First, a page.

Sunday, May 19, 2019
Even More Beauties Seen at Dayton Art Institute

Yes, there are still more beautiful things seen at Dayton Art Institute.

Starting today with the late 19th century, we have beautiful ladies, beautiful nature, and beautiful ladies out in nature:

A Willing Captive, 1888
Frederick S. Church, ( Grand Rapids, Michigan 1842 - 1923 NYC, New York)
Oil on canvas
Gift of Mr. John B. Hayward, Dayton Art Institute #1931.31

Church is "especially known for his (often allegorical) depiction of animals."

"Aside from his numerous animal drawings, Church dealt with many other themes, usually in a "cheerful and fanciful" mood, such as a "Holiday Series" including "A Halloween illustration of dainty witches crouched by a cauldron under a smoke-filled sky, a Thanksgiving image of a young girl driving turkeys, and a depiction of Christmas morning on the bottom of the sea as little mermaids open their gifts and polar bears dance arm-in-arm with a lovely young woman."(From Wikipedia)

Jack-in-the-Pulpit, early 20th century
Tiffany Studios, (New York 1878 - 1933)
Blown glass
Museum purchase with funds provided by the James F. Dicke Family, Dayton Art Institute #2001.47

Tiffany Studios existed from 1878 to 1933 in New York, "by Louis Comfort Tiffany and a team of other designers, including Frederick Wilson and Clara Driscoll." This Jack-in-the-Pulpit vase is of Tiffany's Favrile glass, which has a unique iridescence, meant to evoke "the wings of certain American butterflies, the necks of pigeons and peacocks, the wing covers of various beetles." according to Tiffany.(From Wikipedia)

Grand Matin (Break of Day), 1898
Julius LeBlanc Stewart, (Philadelphia, Pennsylvania 1855 - 1919 Paris, France))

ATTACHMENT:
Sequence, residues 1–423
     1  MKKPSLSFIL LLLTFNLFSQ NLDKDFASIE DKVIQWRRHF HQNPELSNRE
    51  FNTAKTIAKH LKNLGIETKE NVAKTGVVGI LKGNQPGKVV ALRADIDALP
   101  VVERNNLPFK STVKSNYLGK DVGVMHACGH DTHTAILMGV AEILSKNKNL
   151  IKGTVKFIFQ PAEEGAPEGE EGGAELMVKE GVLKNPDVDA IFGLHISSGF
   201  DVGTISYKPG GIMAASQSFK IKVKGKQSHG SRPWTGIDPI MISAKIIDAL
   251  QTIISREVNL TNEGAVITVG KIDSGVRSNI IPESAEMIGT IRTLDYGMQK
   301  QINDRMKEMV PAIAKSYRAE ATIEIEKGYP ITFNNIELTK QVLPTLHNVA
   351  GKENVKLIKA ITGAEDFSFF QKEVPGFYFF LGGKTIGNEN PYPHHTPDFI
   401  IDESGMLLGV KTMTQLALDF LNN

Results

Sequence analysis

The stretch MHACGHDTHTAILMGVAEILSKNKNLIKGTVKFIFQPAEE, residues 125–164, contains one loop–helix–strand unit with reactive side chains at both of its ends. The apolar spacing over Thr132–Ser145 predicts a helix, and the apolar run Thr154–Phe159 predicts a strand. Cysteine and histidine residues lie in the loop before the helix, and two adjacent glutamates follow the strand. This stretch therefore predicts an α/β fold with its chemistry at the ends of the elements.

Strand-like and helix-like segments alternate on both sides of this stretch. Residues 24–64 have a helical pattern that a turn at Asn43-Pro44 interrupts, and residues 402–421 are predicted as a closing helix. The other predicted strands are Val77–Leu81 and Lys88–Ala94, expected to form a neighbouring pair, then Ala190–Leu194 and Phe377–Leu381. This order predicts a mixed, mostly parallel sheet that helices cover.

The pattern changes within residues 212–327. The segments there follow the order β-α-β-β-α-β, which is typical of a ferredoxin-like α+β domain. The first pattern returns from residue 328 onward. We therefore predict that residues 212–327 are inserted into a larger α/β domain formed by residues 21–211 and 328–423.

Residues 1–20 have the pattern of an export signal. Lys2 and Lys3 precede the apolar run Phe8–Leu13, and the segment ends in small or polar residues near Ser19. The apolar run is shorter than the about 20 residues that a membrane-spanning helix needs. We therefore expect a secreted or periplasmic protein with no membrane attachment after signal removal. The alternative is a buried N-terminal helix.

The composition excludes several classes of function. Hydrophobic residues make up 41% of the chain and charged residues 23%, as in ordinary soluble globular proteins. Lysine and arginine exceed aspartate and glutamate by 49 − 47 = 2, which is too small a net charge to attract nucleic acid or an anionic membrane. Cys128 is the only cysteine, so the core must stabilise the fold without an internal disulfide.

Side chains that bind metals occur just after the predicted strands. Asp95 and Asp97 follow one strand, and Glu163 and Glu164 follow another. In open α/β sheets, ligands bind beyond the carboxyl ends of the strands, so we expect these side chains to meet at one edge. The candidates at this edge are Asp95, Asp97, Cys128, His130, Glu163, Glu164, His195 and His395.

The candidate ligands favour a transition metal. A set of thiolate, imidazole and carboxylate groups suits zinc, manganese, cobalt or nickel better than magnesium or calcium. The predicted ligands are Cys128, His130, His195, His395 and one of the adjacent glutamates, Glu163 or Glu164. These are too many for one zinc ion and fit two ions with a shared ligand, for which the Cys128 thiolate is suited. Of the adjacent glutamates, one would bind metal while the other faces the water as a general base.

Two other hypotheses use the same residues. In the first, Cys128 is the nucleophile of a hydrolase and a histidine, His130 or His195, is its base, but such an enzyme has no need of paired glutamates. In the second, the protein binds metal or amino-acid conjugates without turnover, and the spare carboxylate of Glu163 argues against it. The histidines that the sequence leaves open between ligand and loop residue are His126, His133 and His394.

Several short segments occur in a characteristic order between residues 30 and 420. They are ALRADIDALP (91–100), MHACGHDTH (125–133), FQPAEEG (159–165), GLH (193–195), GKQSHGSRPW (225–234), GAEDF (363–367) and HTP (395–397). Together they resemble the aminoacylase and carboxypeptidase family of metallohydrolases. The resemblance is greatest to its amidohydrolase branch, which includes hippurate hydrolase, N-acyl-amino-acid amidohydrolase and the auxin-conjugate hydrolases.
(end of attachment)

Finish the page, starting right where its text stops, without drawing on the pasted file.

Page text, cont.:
Oil on canvas
Lent by the Dicke Collection, Dayton Art Institute #L2.2018.2

Stewart "was an American artist who spent his career in Paris. A contemporary of fellow expatriate painter John Singer Sargent, Stewart was nicknamed 'the Parisian from Philadelphia'." Unlike many artists, he didn't have to struggle, due to his families' wealth. "Stewart is best remembered for his Belle Époque society portraits and sensuous nudes." (From Wikipedia)

Daffodils, not dated
Robert Reid, (Stockbridge, MA 1862 - 1929 Clifton Springs, NY)
Oil on canvas
National Academy, NA diploma presentation, October 25, 1906

"In 1877, deeming the National Academy too conservative, a group of artists seceded to form the Society of American Artists; twenty years later, a group of artists seceded from that society for the same reason to form the Ten American Painters, better known as 'the Ten.' Reid was the youngest member of the group, and he is best known for the works he exhibited during the Ten's early years, such as Daffodils, which present a synthesis of Academic and Impressionist approaches. Of his style, Reid said,'If my work has any virtue and value, it is because it is mine and does not remind you of any other man's work, either French or American or other. It is of my time. If it has this quality, and suggests beauty, it is art.'" (From info card)

Centerpiece, 1908
Wiener Werkstätte, (Founded 1903–1932, Headquarters Vienna, Austria)
Porcelain with underglaze and silver enamel
Museum purchase with funds provided by the James F. Dicke Family, Dayton Art Institute #1998.28